Pandemic property rush fuels UK house price growth
According to official figures, average housing prices in the UK surged by 8.9% in the year to April 2021, with property prices in Britain now averaging at GBP 251,000.
Although the average property value declined by 1.9% month-on-month, property prices were still up by GBP 20,000 on April 2020 levels, meaning housing prices had inflated by an annualised rate of approximately 9%.
Despite average UK housing prices being GBP 5K lower than in March, affordability remains one of the most significant barriers to getting a foot on the property ladder for many.
Housing experts have attributed the record surge in housing prices to Mr Sunak’s stamp duty holiday and the shift in working patterns; with more people now working from home, sourcing homes near offices is no longer an essential requirement.
Demand for property outside of large cities has surged amid the coronavirus pandemic, with data from the ONS revealing that housing prices in the Northeast continued to rocket in April, up 16.9% in the year to the month.
While housing prices in London remain the highest in Britain, they retreated from an average of GBP 500,000 in March to GBP 492,000 in April.
Experts also believe April’s price dip was triggered by lower offers from buyers in anticipation of the stamp duty holiday’s termination, as well as concerns over whether buyers are paying over the odds for homes following dramatic growth.
According to the latest reports, a significant number of property buyers put in lower offers during February and March – the period before the stamp duty holiday was initially supposed to end.
According to real estate experts, homebuyers put in lower offers believing that they would no longer have access to the tax benefits worth up to GBP 15,000.
However, some first-time buyers had said their capacity to borrow had been made more challenging as rising property prices had outstripped their incomes.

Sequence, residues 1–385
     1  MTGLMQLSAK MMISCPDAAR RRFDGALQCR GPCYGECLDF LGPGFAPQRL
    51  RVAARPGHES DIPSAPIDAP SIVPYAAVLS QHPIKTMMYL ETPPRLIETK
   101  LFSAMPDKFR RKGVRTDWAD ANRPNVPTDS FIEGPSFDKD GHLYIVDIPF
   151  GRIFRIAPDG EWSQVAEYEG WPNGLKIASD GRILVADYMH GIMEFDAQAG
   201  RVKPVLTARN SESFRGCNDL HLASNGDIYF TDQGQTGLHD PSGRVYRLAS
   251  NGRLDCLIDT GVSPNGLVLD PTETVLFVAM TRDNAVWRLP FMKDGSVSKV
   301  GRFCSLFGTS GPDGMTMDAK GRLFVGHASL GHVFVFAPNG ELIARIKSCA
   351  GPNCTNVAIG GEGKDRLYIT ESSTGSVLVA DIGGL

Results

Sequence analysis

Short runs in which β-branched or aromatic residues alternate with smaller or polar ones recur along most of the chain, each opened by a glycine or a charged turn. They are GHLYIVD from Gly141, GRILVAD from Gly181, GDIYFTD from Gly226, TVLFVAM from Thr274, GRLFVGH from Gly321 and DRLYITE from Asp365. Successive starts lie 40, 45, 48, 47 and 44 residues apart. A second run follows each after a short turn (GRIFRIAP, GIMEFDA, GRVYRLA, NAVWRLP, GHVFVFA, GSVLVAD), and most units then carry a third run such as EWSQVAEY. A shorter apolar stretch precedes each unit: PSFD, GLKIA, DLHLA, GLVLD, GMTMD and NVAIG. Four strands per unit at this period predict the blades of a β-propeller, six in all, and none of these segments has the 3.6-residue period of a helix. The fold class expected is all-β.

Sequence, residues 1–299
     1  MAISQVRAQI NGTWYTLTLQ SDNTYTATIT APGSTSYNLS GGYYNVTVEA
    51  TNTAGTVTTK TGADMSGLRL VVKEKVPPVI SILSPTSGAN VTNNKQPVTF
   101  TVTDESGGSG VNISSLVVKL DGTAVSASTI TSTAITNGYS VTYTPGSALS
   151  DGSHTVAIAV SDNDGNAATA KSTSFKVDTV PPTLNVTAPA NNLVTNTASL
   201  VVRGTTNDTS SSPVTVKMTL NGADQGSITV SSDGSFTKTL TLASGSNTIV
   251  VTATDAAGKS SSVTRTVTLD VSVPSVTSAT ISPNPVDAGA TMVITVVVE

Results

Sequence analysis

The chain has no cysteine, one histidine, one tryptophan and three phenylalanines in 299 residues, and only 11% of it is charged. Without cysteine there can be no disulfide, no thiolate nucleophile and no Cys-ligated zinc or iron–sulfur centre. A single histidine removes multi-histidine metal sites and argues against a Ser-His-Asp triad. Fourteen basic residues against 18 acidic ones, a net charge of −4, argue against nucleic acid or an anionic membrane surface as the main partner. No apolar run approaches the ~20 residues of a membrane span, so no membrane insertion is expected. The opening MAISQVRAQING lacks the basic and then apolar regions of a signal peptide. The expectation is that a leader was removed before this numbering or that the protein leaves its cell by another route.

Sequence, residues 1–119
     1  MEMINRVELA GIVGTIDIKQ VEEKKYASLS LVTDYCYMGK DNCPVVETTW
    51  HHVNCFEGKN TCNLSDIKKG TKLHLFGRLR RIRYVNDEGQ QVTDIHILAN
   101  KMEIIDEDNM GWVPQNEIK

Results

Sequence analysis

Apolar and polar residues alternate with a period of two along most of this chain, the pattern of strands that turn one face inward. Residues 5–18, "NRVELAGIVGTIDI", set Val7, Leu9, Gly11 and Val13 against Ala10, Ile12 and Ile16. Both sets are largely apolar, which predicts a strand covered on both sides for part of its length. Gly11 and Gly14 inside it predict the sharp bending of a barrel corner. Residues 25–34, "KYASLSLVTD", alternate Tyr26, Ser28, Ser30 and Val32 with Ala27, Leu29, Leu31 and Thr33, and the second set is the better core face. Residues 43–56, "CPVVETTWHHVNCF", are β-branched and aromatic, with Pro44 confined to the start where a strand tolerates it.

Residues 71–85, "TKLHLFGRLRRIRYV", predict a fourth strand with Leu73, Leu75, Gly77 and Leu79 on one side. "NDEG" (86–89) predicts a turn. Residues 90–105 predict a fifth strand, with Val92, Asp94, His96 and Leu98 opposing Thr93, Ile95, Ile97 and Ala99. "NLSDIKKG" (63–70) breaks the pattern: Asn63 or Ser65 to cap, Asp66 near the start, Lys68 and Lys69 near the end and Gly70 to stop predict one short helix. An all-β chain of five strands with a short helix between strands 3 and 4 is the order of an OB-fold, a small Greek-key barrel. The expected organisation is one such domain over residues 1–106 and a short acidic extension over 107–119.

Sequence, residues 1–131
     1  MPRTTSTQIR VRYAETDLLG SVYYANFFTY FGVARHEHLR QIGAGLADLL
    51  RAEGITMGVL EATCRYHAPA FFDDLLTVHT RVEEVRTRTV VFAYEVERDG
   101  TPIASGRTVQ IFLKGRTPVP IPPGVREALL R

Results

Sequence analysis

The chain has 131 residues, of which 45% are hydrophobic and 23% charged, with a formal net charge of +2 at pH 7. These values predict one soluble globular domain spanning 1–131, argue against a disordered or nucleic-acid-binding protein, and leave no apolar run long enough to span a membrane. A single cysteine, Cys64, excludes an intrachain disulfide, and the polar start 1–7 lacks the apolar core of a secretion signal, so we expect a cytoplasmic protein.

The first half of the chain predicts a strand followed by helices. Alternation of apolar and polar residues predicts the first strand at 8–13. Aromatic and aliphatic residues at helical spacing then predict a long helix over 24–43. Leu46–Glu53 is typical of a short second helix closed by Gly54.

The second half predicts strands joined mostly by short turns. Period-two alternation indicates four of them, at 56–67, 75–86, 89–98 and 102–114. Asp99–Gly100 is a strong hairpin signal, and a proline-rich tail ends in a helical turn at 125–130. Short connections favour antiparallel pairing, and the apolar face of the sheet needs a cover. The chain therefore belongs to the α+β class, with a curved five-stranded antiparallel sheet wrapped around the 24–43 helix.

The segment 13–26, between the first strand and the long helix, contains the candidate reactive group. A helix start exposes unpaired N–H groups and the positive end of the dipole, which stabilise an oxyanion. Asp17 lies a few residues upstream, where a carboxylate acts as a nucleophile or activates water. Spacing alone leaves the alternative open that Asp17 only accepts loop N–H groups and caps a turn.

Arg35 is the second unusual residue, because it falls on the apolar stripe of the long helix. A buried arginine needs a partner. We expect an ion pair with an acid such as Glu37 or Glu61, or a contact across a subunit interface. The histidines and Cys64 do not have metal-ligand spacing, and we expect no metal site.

Still, Hargreaves Lansdown Personal Finance Analyst Sarah Coles believes that the slump in property prices does not spell the end for house price growth, describing the latest data “as a sign of what an arbitrary deadline can do to a market.”
Ms Coles said that while the housing prices decline will more than likely unsettle homeowners, “we do not expect this to be the ultimate turning point for the market, but it’s a useful wake-up call for buyers and a reminder that house prices aren’t a one-way street.”
Britain’s Treasurer introduced the stamp duty holiday in July last year, which allowed homebuyers to save up to GBP 15,000 in tax on property purchases worth no more than GBP 500,000.
Rishi Sunak extended the stamp duty deadline until June-end, after which the tax break threshold will reduce to GBP 250,000 before returning to its standard level by September end.
Since its introduction, stamp duty savings have acted as an incentive for many people, with prospective buyers keen to take advantage of the discount before the scheme terminated.
However, according to recent reports, the UK property market boom is being driven by second-home buyers more than first-time buyers.
Second-home buyers more likely to take advantage of the SDLT break
A recent analysis has found that 22% of first-time buyers were encouraged to take advantage of the stamp duty tax break, compared to 46% of second-home buyers and 44% of buy-to-let investors.
New buyers have also found themselves locked out of several areas due to the growing demand for housing outside of cities.
With more people working from home, there has been a notable shift in home buying areas, and more people are moving to areas with large outdoor spaces and away from metropolitan areas.
According to Santander’s Life After Lockdown Report, 33% of first-time buyers have said they have struggled to find affordable housing in their preferred area, compared to just 11% two years ago.
A separate survey conducted by Curry’s PC World and Ring Security comparing 50 major towns and cities in Britain found that 33% of Brits said last year’s events had changed their housing area priorities.
The survey, which compares 50 towns and cities based on work-life balance, affordability, safety, green spaces and amenities, noted that many people seek out more rural areas with large outdoor spaces or towns and cities closer to friends and family.
Annual housing prices in most in-demand coastal and rural areas have hit double figures over the last year. While pricing inflation is cooling, the lack of supply is resulting in stiff competition for buyers.
While this is expected to keep prices buoyant over the summer months, home buyers appear to be wary about a potential housing market crash, revealed estate agents Barrows and Forrester.
Barrows and Forrester expect talks about a forthcoming UK house price crash to filter through to homebuyers and sellers, which will dampen confidence.